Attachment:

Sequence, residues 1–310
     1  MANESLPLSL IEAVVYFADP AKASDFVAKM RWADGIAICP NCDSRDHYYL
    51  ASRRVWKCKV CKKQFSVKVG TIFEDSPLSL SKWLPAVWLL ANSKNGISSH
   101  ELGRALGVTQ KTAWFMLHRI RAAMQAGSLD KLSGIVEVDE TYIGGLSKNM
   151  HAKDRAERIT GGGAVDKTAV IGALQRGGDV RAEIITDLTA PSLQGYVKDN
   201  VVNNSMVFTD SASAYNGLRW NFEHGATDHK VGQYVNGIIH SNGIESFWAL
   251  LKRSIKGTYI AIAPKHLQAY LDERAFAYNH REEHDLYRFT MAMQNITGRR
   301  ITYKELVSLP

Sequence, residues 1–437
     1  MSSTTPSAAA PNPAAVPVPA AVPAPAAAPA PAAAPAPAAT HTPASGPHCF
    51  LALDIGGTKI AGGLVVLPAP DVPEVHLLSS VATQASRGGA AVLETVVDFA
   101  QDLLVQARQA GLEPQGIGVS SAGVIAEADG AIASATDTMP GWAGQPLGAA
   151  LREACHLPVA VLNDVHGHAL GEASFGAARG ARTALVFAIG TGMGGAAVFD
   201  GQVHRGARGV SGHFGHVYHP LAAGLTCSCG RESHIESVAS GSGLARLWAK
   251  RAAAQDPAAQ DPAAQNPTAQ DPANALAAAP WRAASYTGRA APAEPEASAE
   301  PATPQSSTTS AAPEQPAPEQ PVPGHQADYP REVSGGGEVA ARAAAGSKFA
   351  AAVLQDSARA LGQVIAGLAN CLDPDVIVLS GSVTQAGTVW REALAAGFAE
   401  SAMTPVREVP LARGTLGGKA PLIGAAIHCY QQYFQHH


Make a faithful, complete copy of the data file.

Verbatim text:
Sequence, residues 1–310
     1  MANESLPLSL IEAVVYFADP AKASDFVAKM RWADGIAICP NCDSRDHYYL
    51  ASRRVWKCKV CKKQFSVKVG TIFEDSPLSL SKWLPAVWLL ANSKNGISSH
   101  ELGRALGVTQ KTAWFMLHRI RAAMQAGSLD KLSGIVEVDE TYIGGLSKNM
   151  HAKDRAERIT GGGAVDKTAV IGALQRGGDV RAEIITDLTA PSLQGYVKDN
   201  VVNNSMVFTD SASAYNGLRW NFEHGATDHK VGQYVNGIIH SNGIESFWAL
   251  LKRSIKGTYI AIAPKHLQAY LDERAFAYNH REEHDLYRFT MAMQNITGRR
   301  ITYKELVSLP

Sequence, residues 1–437
     1  MSSTTPSAAA PNPAAVPVPA AVPAPAAAPA PAAAPAPAAT HTPASGPHCF
    51  LALDIGGTKI AGGLVVLPAP DVPEVHLLSS VATQASRGGA AVLETVVDFA
   101  QDLLVQARQA GLEPQGIGVS SAGVIAEADG AIASATDTMP GWAGQPLGAA
   151  LREACHLPVA VLNDVHGHAL GEASFGAARG ARTALVFAIG TGMGGAAVFD
   201  GQVHRGARGV SGHFGHVYHP LAAGLTCSCG RESHIESVAS GSGLARLWAK
   251  RAAAQDPAAQ DPAAQNPTAQ DPANALAAAP WRAASYTGRA APAEPEASAE
   301  PATPQSSTTS AAPEQPAPEQ PVPGHQADYP REVSGGGEVA ARAAAGSKFA
   351  AAVLQDSARA LGQVIAGLAN CLDPDVIVLS GSVTQAGTVW REALAAGFAE
   401  SAMTPVREVP LARGTLGGKA PLIGAAIHCY QQYFQHH